Drug information provided by: IBM Micromedex
It is very important that your doctor check your or your child's progress at regular visits to make sure that this medicine is working properly. Blood and urine tests may be needed to check for unwanted effects. You should remain under the care of a doctor while using this medicine.
Two rare but serious reactions to this medicine are lactic acidosis (too much acid in the blood) and liver toxicity, which includes an enlarged liver. These are more common if you are female, very overweight (obese), or have been taking anti-HIV medicines for a long time. Check with your doctor right away if you or your child have stomach discomfort, decreased appetite, diarrhea, fast, shallow breathing, general feeling of discomfort, muscle pain or cramping, nausea, sleepiness, unusual tiredness or weakness, or yellow eyes or skin.
This medicine may cause rare, but serious, liver problems. This is more common in patients with a history of hepatitis B infection or those who already have liver disease. Check with your doctor right away if you have clay-colored stools, dark urine, a decreased appetite, a fever, a headache, itching, nausea and vomiting, a skin rash, stomach pain or tenderness, swelling of the feet or lower legs, unusual tiredness or weakness, or yellow eyes or skin.
This medicine is not for the treatment of hepatitis B virus infection. Patients infected with both HBV and HIV who take emtricitabine and tenofovir combination need close medical follow-up for several months after stopping treatment to make sure their hepatitis B infection does not get worse. You should also be tested for hepatitis B before starting treatment with this medicine.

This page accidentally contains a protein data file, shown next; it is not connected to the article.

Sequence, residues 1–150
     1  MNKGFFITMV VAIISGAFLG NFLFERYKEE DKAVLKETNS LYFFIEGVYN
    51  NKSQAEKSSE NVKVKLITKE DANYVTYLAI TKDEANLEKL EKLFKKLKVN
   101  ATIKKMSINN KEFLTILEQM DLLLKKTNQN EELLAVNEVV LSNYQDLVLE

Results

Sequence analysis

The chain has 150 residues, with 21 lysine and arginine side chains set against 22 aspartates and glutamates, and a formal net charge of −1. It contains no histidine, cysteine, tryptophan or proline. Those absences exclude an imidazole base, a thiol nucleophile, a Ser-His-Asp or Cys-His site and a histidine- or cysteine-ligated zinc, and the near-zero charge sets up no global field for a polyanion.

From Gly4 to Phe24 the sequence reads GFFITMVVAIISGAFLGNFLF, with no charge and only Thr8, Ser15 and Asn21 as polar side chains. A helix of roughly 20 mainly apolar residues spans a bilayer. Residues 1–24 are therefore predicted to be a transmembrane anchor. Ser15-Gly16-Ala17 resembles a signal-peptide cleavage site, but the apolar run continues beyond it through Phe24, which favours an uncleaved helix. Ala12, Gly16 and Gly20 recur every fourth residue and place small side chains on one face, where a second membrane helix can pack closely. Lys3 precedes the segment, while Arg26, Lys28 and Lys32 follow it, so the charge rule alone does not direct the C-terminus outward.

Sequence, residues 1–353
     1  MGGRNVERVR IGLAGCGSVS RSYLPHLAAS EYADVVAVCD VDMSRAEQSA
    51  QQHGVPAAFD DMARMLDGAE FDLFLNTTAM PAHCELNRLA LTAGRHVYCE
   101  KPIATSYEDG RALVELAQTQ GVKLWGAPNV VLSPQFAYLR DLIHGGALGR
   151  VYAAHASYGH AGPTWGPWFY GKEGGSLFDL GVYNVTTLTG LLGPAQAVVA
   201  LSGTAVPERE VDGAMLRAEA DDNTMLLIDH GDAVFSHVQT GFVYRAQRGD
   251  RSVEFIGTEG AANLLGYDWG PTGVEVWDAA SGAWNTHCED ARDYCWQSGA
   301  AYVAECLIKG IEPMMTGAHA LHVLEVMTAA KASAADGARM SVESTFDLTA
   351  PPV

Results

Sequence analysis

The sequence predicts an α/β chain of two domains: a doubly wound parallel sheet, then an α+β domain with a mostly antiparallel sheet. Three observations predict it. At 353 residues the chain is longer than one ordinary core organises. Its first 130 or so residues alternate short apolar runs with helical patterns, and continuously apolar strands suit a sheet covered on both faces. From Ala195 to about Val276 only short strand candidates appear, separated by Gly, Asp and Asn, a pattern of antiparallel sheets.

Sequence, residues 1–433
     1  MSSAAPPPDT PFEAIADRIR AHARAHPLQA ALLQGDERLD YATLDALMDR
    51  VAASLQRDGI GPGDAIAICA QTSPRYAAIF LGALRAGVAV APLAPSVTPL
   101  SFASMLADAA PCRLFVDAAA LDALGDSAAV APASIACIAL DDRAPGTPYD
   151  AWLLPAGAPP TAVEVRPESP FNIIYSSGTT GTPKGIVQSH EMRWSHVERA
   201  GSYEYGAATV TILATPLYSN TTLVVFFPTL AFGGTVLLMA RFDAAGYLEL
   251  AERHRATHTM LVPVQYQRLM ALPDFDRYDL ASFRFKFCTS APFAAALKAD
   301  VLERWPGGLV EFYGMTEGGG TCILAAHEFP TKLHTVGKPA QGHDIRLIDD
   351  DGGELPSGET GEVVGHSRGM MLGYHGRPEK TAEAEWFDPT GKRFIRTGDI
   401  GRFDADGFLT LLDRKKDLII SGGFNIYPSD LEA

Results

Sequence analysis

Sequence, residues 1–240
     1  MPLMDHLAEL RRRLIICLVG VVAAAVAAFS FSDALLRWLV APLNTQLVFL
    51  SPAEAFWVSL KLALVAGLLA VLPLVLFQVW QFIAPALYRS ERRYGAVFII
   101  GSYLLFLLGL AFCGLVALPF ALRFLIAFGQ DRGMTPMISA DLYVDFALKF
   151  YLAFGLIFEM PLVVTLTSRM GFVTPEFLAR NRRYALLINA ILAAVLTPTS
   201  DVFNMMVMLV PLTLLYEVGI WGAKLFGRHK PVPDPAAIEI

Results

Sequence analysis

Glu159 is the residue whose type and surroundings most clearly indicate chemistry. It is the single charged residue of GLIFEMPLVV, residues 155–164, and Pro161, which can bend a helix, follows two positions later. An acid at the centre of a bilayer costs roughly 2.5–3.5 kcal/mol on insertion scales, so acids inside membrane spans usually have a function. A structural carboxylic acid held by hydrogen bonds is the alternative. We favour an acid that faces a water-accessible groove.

This medicine may cause kidney problems. Avoid using other medicines that may injure the kidneys, including multiple or high-dose NSAID pain medications or certain other antiviral medications.
This medicine may also increase your risk of developing fractures (broken bones). Ask your doctor about this if you or your child have any concerns.
Your immune system may get stronger when you start using HIV medicines. Tell your doctor right away if you or your child notice any changes in your health. Sometimes the immune system will start to fight infections that were hidden in your body, such as pneumonia, herpes, or tuberculosis. Autoimmune disorders (including Graves disease, polymyositis, and Guillain-Barré syndrome) may also occur.
If you are using this medicine for Pre-exposure prophylaxis:
You should be confirmed that you are HIV-negative before you start using this medicine and you must stay HIV-negative to keep taking this medicine.
You and your partner should be tested regularly (for at least once every 3 months) for HIV-1. You should also be tested regularly for other sexually transmitted infections, including syphilis or gonorrhea.
Check with your doctor right away if you have a fever, headache, joint or muscle pain, a rash, night sweats, or swollen lymph nodes.
This medicine does not decrease the risk of transmitting the HIV infection to others through sexual contact or by contaminated blood. Make sure you understand and practice safe sex, even if your partner also has HIV. Avoid sharing needles with anyone. If you have any questions about this, check with your doctor.
Do not take other medicines unless they have been discussed with your doctor. This includes prescription or nonprescription (over-the-counter [OTC]) medicines and herbal or vitamin supplements.